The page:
If anyone can add or correct any information, please email the address given on the Introduction page.
[Photograph kindly contributed by East Cleveland Image Archive.]
The 1st Volunteer Battalion, The Yorkshire Regiment at Annual Camp, year unknown.|
The only man identified is Pte Harold Clarkson, standing at far right. He was to be killed in action, age 37, near Ypres on
the 29th December 1915.
Photograph kindly contributed by his Grandson, Harold Clarkson of Redcar, N Yorks.
"The Corps has grown considerably in number and
the addition of a bicycle Company adds greatly to to the attractions", says one local magazine.|
9 JUNE 1894. Skelton - "Sergeant Treen, who has been drill instructor to the Corps for the last fifteen years has
retired on a pension and his place is taken by Sergeant Wright, who has lately been employed as recruiting officer at
1902. The Battalion was renamed 1st Volunteer Battalion, Alexandra,
Princess of Wales's Own (Yorkshire Regiment). The photograph shown here illustrates the pre-War uniform with white facings,which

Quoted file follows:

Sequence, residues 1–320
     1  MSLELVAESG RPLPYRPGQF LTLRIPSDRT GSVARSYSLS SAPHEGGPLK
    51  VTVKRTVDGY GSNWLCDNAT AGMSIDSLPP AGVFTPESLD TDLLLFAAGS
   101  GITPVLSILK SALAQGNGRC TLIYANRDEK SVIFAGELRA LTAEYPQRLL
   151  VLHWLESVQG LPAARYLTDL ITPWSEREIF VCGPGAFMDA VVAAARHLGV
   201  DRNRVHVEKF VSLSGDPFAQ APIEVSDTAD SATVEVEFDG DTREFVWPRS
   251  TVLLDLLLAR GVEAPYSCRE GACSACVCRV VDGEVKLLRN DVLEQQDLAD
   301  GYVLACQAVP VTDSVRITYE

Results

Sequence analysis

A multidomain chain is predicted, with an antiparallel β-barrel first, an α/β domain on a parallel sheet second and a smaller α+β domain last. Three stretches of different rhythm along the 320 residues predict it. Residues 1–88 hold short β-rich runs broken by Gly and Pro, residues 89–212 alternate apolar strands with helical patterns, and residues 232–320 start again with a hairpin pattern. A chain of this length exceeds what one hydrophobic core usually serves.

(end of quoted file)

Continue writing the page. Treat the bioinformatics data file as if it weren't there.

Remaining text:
was changed to green sometime before the 1908 creation of the Territorial Force.
13 JUNE 1903 Our Volunteers joined the rest of the battalion for their annual week's training under canvas at Scarborough.
The exposed position of their camp on the race course and the inclement weather gave them an experience of the hardships rather than
the pleasures of military
life. Local Parish Magazine.
1906 1st July - Skelton, N Yorks, Parish Magazine - "The Local Volunteers joined those from Scarborough and East
Riding for the annual training in Camp of the Yorkshire Regiment. The place selected was Yarmouth."
1 APRIL 1908.
An Act of Parliament, created by R.B.S. Haldane, the Secretary for War, re-organised the local volunteers nation-wide
into the Territorial Force.
Henceforth they would be attached to their local Regular Army Regiment and use similar equipment and training methods.
17 NOVEMBER 1908.
4:th Battalion, Alexandra, Princess of Wales's Own
( Yorkshire Regiment) ; Lieutenant-Colonel and
Honorary Colonel William Henry Mott, from
the 1st Volunteer Battalion, to be Lieutenant-
Colonel with the honorary rank of Colonel,
with precedence as in the Volunteer Force.